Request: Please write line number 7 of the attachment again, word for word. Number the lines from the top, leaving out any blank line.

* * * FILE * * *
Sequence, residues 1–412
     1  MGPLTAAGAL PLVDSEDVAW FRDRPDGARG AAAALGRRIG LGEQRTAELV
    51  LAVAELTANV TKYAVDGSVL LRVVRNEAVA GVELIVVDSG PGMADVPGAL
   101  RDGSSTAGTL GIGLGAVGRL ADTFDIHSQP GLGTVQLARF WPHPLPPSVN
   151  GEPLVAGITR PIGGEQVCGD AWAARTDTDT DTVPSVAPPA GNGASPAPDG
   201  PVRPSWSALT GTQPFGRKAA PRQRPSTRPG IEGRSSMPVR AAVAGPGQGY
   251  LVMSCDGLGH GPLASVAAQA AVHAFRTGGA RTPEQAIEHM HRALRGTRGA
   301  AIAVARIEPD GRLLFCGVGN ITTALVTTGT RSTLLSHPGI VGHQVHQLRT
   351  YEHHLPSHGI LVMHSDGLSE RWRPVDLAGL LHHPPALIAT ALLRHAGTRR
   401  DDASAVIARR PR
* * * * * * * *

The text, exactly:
   251  LVMSCDGLGH GPLASVAAQA AVHAFRTGGA RTPEQAIEHM HRALRGTRGA